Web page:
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What people said about the anti-Semitic Valentine's Day card

News of an anti-Semitic Valentine's Day card that trivializes the Holocaust sparked outrage on the campus of Central Michigan University and drew international condemnation. 

Throughout the week, members of the CMU community commented about the nature of hate speech and the card controversy. 

"We are deeply disappointed by last night’s situation with a Valentine card containing an inappropriate sentiment that was produced during a student organization meeting. This is not who we are as a campus community. Such hurtful, offensive language, while protected by the First Amendment, is unacceptable and is not consistent with our values and standards." - CMU President George Ross

“Middle school was the first time I experienced blatant hate speech. 'Stupid Jew' is what he called me for wearing my ‘Happy Hanukkah’ button. During difficult times such as this, when hate speech has been made clear on our campus, we must choose to embrace our identities and the identities of others, and fight back with resistance, positivity and strength. I realized that while I could advertise it, however, that meant I could also choose to hide it. That part of me, my Jewish identity, such a big part of who I am, I could just tuck it away. How would anybody know? That is my privilege. It is my privilege to hide this identity about myself. As I grew up, I realized that many, many people could not hide their identities as they so choose." -  Hillel at CMU President Hadley Platek.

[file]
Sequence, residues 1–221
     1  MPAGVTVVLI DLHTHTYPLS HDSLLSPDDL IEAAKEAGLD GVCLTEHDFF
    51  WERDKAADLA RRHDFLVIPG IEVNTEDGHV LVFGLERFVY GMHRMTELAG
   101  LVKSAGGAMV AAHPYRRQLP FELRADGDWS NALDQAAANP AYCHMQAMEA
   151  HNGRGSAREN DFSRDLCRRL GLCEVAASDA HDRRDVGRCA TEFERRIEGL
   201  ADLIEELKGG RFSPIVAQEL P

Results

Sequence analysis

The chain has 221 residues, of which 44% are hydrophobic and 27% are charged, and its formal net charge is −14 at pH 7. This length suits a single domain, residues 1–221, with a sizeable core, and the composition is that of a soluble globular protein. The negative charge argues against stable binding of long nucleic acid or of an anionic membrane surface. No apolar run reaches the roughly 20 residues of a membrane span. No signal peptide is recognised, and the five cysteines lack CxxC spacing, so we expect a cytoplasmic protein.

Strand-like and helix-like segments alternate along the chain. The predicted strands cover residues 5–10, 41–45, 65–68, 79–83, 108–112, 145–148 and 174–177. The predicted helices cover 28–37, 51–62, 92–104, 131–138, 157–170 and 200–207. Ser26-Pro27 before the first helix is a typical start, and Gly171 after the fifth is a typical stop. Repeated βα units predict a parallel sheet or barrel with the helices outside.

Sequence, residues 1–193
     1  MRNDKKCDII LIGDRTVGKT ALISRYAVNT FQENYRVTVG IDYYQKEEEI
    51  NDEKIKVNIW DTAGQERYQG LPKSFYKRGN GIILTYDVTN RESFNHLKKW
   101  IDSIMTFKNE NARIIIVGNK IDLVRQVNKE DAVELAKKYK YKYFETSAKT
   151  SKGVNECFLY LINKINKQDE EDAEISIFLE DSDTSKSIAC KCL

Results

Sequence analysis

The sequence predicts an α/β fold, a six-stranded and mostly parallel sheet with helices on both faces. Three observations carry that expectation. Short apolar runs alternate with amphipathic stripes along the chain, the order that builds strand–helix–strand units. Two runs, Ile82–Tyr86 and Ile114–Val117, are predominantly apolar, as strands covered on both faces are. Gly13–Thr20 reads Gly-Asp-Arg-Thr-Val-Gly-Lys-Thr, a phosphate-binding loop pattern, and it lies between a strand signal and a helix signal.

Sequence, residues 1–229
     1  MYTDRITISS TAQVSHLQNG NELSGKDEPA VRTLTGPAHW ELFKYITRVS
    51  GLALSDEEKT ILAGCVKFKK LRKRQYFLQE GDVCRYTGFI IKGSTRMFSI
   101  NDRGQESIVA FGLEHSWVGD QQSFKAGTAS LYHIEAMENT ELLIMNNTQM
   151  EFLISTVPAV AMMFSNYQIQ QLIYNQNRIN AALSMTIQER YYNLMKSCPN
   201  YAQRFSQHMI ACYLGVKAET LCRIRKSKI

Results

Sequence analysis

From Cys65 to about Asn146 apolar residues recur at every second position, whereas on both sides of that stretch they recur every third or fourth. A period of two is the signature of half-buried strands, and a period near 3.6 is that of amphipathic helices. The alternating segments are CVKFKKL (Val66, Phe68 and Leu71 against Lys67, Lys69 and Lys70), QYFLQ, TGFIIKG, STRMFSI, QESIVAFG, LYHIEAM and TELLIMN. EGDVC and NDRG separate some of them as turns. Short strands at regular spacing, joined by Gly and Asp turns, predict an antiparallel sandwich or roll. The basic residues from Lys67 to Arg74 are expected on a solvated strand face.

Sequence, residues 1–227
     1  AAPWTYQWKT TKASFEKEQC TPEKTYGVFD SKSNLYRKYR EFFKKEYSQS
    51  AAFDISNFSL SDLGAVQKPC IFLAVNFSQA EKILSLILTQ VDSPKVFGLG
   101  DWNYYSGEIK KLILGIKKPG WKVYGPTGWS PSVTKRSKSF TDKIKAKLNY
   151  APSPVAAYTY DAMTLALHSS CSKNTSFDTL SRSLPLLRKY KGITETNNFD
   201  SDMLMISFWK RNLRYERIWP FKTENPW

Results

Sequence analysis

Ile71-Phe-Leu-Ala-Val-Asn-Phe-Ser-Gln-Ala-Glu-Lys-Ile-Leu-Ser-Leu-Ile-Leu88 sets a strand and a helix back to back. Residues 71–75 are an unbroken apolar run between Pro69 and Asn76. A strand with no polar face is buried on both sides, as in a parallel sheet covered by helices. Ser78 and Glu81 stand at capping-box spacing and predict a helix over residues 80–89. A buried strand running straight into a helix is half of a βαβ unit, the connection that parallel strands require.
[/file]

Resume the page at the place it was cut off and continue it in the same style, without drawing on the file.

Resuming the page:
"We have shown that we will not stand for hate speech on our campus, and that we will resist whenever one of us feels threatened in this dark time of our nation's history." - Steven Keene, vice president of Hillel at CMU.

"We in no way condone this type of rhetoric or anti-Semitism. We apologize for any offense, and want students to know that we do not tolerate this sort of behavior." - CMU College Republicans statement. 

"I don't walk on campus at night feeling safe, because every time I'm anywhere near Main Street, I get 'Hey f****t' screamed out the window, or 'What's up d***?' or any other number of slurs thrown my way." – senior Randi Bennet speaking at the anti-hate speech rally Thursday, Feb. 9.

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